GM is putting its cost-cutting plans into action.
Last month, customers who ordered their 2020 Chevrolet Corvette Stingray with the expensive 5VM Visible Carbon Fiber Splitter and Side Skirts were left disappointed when they were told the expensive package will no longer be available due to supply issues. But it turns out the Corvette isn't the only GM model that will have fewer build options available than originally planned.
Originally, the next-generation Chevrolet Equinox and GMC Terrain were going to have over 200 build combinations, but this has been reduced to less than 100 due to cuts being made by GM to reduce manufacturing costs.
Speaking at the recent GM Capital Markets Day event, company president Mark Reuss announced that GM managed to eliminate 12 percent of parts used in its plants in 2019, which is around 3,500 parts in total. This year, the automaker wants to eliminate a further 25 percent of parts used in its plants.
This will be achieved by removing trim levels, paint options, engine and transmission options, and sharing parts for some models. For example, the next-generation Chevrolet Equinox and GMC Terrain "will have more reused and shared parts," according to Reuss.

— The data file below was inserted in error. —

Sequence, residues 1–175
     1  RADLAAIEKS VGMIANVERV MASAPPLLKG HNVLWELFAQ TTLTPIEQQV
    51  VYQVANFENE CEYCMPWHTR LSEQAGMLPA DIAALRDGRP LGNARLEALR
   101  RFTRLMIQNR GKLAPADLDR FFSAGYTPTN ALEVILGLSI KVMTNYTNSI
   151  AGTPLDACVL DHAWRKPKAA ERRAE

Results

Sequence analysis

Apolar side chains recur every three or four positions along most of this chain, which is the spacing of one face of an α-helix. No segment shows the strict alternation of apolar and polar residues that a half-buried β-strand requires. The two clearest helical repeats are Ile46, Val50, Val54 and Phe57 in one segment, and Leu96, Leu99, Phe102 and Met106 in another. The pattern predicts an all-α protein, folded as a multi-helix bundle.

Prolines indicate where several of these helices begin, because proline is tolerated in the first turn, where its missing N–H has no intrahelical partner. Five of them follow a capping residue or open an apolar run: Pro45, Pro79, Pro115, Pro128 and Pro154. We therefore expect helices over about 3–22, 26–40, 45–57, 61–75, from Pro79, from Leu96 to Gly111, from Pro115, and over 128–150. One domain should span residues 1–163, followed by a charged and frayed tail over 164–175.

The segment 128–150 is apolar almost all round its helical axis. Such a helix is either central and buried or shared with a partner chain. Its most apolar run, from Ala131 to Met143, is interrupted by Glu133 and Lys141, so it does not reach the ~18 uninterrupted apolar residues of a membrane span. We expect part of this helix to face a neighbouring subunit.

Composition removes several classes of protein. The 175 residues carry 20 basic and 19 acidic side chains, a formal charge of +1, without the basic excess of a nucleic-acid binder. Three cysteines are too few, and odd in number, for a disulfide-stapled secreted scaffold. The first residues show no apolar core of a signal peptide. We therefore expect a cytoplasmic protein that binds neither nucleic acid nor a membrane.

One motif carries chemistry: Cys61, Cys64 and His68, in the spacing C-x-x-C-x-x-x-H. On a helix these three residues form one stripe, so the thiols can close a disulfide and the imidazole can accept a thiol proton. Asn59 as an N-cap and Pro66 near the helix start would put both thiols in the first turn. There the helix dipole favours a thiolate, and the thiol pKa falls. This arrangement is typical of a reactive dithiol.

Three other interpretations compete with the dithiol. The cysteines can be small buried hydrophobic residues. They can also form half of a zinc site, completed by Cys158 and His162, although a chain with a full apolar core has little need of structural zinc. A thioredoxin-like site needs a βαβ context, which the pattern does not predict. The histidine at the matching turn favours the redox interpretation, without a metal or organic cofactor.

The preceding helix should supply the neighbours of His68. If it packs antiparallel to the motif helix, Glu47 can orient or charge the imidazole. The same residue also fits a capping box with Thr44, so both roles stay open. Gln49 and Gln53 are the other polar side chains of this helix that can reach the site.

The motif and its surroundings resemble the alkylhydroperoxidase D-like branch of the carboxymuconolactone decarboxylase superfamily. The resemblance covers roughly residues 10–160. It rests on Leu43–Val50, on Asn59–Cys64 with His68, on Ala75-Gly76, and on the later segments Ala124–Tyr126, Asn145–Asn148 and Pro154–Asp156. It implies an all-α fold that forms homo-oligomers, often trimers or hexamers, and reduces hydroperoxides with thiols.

"We will reduce total trim levels on Equinox and Terrain from eight to six, reduce engine variants from 11 to five, reduce build combinations from more than 200 to less than 100 per program, and see significant cost savings of an already paid-for architecture that took the mass out, helping us self-fund electrification programs," Reuss said during the conference.
GM's new platforms will be around 350 pounds lighter, while the reduced number of engine options could refer to international variants such as unique engines offered in Australia and South America. These are just some of the several cutbacks GM has made lately. Recently, the Chevrolet Impala ended production and is one of several GM models being killed off, which will allow the automaker to invest in electric vehicles and autonomous technology.